Over the last few weeks, financial analysts and political commentators have taken particular pleasure in espousing the opinion that the 17-member eurozone is a failed experiment and should be broken up. A typical example was a Bloomberg piece titled, "Euro Was Flawed at Birth and Should Break Apart Now." While the article was published on April Fool's Day, there was no evidence of levity.
If you've read the Bloomberg piece, or any other anti-euro rant for that matter, then you needn't read any more, as they all march to the beat of the same drum. They first argue that the structure of the monetary bloc contributed to the current sovereign debt crisis by making it easy for fiscally profligate countries like Greece and Portugal to borrow, ostensibly with Germany serving as their guarantor. They then argue that the bloc's rigid monetary structure is impeding the Continent's recovery, because it doesn't allow for a tailored approach to fiscal and exchange-rate policies.
Two wrongs don't make a right
That both of these propositions are true, however, which they most certainly are, doesn't necessarily lead to the conclusions that the euro was a bad idea and should now be dismantled.
Setting aside the catastrophic economic and financial implications for the moment, it isn't without significance that the increasing political and economic entanglement associated with the common currency has succeeded at preventing a Continental war. Although this might not seem remarkable to the typical euro-hater, the tranquility of the last 60 years is most certainly an anomaly.
Prior to the two world wars, for example, there was the Franco-Prussian War of 1870-71, the Crimean War of 1854-56, and the Napoleonic Wars of 1803-15. And who could possibly forget about the descriptively titled Thirty Years' War and Hundred Years' War? And these are only the most commonly known conflicts. Suffice it to say, there are many, many more.
Throwing stones at glass houses
It's also helpful to remember that America once found itself in a similar situation to the one now faced by Europe. Like the European Union and its monetary bloc, under the Articles of Confederation, the precursor to the U.S. Constitution, our national government lacked the powers to tax or to ensure that its resolutions were implemented. It wasn't until the Compromise of 1790, in fact, that the federal government consolidated fiscally.
At issue was the question of whether the federal government would assume the Revolutionary War debts of the 13 states. James Madison argued that it shouldn't, in part because his home state of Virginia had already paid off much of its debt and thus should not be assessed again to bail out the less provident. Alternatively, Alexander Hamilton argued that it should, as that would secure the creditworthiness of the fledging republic.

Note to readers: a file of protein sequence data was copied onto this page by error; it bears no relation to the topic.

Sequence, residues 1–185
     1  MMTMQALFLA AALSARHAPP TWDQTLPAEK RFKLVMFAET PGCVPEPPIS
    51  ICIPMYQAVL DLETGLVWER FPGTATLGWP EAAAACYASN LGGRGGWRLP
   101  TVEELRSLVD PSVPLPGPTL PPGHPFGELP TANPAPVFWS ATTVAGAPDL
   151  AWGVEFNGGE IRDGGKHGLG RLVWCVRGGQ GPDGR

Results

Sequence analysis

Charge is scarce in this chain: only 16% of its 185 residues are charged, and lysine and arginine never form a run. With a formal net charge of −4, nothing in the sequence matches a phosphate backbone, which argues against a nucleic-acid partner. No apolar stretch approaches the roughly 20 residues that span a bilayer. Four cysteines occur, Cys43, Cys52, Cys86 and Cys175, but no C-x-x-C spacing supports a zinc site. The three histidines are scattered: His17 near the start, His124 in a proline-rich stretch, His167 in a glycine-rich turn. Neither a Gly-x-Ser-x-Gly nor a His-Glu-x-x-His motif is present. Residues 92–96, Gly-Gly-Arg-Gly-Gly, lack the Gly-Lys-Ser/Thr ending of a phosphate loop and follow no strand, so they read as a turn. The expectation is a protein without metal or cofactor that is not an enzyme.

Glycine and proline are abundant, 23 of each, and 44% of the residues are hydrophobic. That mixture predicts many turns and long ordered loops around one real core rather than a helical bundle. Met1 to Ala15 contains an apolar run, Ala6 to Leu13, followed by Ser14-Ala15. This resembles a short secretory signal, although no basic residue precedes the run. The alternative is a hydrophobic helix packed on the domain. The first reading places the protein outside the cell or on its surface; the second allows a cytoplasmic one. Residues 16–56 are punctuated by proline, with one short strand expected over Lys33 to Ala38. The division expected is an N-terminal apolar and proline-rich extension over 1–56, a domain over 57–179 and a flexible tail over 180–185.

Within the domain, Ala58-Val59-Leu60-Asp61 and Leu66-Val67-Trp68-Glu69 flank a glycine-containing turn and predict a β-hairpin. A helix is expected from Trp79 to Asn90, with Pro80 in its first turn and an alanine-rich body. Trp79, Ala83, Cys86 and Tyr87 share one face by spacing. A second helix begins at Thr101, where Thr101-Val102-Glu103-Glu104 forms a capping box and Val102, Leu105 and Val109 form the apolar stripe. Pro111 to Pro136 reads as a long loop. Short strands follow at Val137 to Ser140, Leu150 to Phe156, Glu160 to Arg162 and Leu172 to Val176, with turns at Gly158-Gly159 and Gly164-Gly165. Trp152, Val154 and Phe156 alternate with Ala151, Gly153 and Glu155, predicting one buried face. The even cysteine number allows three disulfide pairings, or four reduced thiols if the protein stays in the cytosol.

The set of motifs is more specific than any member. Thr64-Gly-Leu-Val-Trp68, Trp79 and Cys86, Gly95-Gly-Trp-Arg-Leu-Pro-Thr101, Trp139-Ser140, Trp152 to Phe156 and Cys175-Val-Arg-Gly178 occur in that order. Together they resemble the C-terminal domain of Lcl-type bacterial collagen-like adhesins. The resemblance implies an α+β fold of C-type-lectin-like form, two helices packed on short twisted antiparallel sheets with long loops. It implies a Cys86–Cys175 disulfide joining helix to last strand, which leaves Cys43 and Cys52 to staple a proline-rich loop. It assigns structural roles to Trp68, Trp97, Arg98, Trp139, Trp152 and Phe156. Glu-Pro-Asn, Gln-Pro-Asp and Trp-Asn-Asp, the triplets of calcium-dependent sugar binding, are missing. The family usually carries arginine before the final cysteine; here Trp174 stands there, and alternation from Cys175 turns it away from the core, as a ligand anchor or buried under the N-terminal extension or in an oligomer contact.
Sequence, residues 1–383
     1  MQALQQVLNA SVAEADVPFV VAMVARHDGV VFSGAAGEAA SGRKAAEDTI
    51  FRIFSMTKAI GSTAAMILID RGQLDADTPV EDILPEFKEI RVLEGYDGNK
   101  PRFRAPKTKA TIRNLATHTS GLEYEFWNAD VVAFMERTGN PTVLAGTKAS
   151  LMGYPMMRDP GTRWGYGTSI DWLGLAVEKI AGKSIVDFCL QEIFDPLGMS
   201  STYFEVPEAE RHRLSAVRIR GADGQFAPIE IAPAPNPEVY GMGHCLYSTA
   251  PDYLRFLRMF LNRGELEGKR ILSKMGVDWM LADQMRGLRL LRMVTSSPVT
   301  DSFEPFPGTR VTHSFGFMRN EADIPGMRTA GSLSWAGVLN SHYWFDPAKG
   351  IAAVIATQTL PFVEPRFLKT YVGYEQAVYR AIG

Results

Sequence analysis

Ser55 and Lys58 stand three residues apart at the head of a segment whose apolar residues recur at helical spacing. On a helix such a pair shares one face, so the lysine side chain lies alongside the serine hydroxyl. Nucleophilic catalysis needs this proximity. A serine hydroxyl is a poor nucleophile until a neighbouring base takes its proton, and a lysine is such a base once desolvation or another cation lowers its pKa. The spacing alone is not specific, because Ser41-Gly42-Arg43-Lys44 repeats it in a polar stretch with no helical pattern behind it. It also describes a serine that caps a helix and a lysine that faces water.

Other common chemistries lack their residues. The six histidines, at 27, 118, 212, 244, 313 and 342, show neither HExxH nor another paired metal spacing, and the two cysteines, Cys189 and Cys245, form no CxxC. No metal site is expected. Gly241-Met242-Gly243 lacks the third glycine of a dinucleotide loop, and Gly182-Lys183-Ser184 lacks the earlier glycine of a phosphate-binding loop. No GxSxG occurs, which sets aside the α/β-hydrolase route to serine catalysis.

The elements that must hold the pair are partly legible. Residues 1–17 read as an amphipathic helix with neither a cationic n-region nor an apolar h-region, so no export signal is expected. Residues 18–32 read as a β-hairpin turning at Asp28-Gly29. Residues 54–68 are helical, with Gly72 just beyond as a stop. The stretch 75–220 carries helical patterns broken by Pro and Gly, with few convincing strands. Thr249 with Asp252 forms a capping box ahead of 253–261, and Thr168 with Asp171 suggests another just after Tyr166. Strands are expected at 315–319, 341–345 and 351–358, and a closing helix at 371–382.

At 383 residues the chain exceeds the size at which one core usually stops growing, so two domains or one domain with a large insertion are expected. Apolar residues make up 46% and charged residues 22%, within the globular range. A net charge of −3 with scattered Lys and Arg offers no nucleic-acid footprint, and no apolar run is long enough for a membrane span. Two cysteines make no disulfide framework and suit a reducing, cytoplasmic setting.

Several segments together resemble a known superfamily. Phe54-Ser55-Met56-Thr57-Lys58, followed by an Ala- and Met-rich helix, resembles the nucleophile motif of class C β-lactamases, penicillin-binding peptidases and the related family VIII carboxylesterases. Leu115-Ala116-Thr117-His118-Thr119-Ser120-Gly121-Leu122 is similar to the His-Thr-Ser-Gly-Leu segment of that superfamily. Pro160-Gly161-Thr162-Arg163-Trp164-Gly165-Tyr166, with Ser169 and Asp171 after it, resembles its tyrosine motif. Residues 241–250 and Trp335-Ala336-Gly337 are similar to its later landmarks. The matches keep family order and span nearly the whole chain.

After an impromptu meeting arranged by Hamilton's neighbor, Thomas Jefferson, the two sides came to an agreement. Madison acquiesced to the assumption plan, and Hamilton agreed to support a resolution locating the federal capital in the slave-owning states of Maryland and Virginia.
Be careful what you wish for
In addition, while breaking up the euro makes for a great theoretical argument within academia and among political commentators, the actual disassociation would trigger severe financial and economic repercussions. All told, the Continent's nearly $18 trillion GDP accounts for close to 30% of global GDP. Not to mention, what would happen to a company like Greek shipping giant DryShips
Hitting closer to home, the ailing Continent imported $330 billion in American goods last year and served as a principal base of operations for any number of American companies. According to Forbes magazine, a full 10% of S&P 500 sales come from Europe. Just to name a few of the companies that would be hurt, McDonald's derives 40% of revenues from Europe, Philip Morris'
A better path forward
At the end of the day, I understand the attraction of lambasting the euro's founding and continued operation. As in the early days of the United States, however, the best solution is reform and not elimination. What's needed is a stronger and more integrated fiscal union, and not a Continent full of capricious infighting and competitive currency devaluations. We know for certain that didn't work, so why go back?
Fool contributor John Maxfield does not have a financial position in any of the companies mentioned above. The Motley Fool owns shares of Ford Motor and The Bank of Ireland. Motley Fool newsletter services have recommended buying shares of Philip Morris International, Ford Motor, and McDonald's. Motley Fool newsletter services have recommended creating a synthetic long position in Ford Motor. The Motley Fool has a disclosure policy. We Fools may not all hold the same opinions, but we all believe that considering a diverse range of insights makes us better investors. Try any of our Foolish newsletter services free for 30 days.